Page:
Boundary Pot

Andy, Peter M, & myself were doing the usual Sunday morning discussion on where to go, when Andy had the novel idea of Boundary or Borehole. Both Andy & I had been to the bottom of the 50 in Boundary Pot, but got no further as we had to rescue Bob Stevens, who had a 100 Kg. (viva metrication) lump of rock fall on his leg luckily the rock’s fall was broken by hitting his head first.

So we decided to go down Boundary as we both wanted a look round Hiroshima. Peter, because of his dislike of tight spaces decided to duck out. By the time we had changed Jim had arrived, he tried to make us change our minds, saying such encouraging things as “Your wasting your time, there’ll be too much water sinking at Boundary Pot”. I couldn’t help thinking the same thing however, not to be put off, we set to across the fell, Jim & Peter in the other direction to their dig. When we arrived, all the water was sinking 40 foot upstream of Boundary (Peter M & I have dug here and the water goes into a 4 inch bedding.) Most of the way from the entrance to the 50 foot pitch is crawling with occasional climbs down; the biggest being about 15 feet. The final crawl in Bar Stewards Passage is well named & ends in a tight tube about 12 feet long, the tightest part being on the furthest side. In fact, it’s not so much tight as awkward.

Once on the other side, the pitch was soon rigged and we lifelined each other down, keeping a close lookout for loose rocks. One of the first things one notices when down is how slippery the rocks are, and this is  all the way to Hiroshima. This was as far as either of us had been before. At the opposite end of the chamber we found the flat out crawl that I remembered should be the way on. This was somewhat longer than I had expected, but we eventually emerged in the main streamway. The passage: on the survey looks deceptively large, this is on account of its width not its height. Eventually the roof began to lift and we arrived at the beautiful calcite cascade which is marked on the survey. Further on we passed a 60 foot high aven with some really marvelous curtains completely untouched by human hands and like most formations in this cave they were very active. After this the passage lowered again and we found ourselves stooping under a false floor which was slowly being eroded by flood water.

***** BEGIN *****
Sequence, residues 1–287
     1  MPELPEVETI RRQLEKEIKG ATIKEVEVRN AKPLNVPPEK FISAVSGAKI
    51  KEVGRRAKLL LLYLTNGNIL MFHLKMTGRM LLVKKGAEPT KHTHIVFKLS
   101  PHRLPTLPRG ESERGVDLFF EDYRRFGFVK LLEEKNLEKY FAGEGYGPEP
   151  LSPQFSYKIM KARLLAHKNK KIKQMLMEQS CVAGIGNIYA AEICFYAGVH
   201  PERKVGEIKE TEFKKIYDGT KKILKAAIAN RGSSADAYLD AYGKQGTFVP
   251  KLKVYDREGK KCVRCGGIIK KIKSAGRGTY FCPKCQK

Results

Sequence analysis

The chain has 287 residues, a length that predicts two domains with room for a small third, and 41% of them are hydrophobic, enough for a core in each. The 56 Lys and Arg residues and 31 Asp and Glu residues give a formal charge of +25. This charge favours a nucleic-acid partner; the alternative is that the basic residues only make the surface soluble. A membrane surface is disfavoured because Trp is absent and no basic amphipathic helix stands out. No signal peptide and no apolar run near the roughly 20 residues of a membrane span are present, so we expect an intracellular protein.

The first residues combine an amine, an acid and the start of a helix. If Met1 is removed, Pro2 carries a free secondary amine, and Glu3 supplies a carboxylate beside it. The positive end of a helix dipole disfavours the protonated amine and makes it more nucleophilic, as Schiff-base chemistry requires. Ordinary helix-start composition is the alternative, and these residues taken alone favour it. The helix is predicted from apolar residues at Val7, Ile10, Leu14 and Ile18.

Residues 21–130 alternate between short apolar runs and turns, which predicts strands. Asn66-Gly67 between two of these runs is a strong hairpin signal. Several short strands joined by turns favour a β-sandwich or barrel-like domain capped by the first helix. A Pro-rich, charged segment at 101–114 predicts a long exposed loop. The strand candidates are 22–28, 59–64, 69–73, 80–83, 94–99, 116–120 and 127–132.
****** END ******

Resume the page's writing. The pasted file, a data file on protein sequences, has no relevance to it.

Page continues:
Hiroshima is singularly unimpressive & much smaller than I had imagined. The stream sinks at one end in a boulder choke and directly opposite is the obvious way on but alas, this is calcited up.
Just above the false floor as it enters Hiroshima is a small eyehole which goes through to a 15 foot pitch (It’s certainly easier going in than coming out). This is marked on the survey & as we had brought a ladder along we decided to use it, even though it looked free climbable. We both decided that the dubious. looking belay was alright after various tugs & kicks. I volunteered Andy to descend first & he was soon down. I set off and was about 3 feet down, when the belay gave way and slipped down about 5 feet, coming to .rest on a jammed boulder, I was a little shaken. I climbed back up, dragging the ladder with me, to find that I had pulled a large slab of rock away from what appeared to be a solid rock wall. Andy free climbed the pitch and we decided to make our way out, having a poke up most of the inlets as we returned. The water enters Boundary just below the 50 foot pitch, so we followed this inlet for some way and came to two waterfalls. Presumably this water comes from the sink just up from the human entrance. This was certainly an interesting area.

Once up the pitch we decided to split the tackle different to when we came in (Andy taking most of it on account of his size) I found the tube a lot easier on the way out (presumably because of the lack of tackle), we both decided that ropes are .a real pain in this crawl. Yet again Boundary Pot demonstrates that it is a place to be careful in, yet it is well worth a visit for the unspoilt beauty and lack of footprints.

G. Leach.



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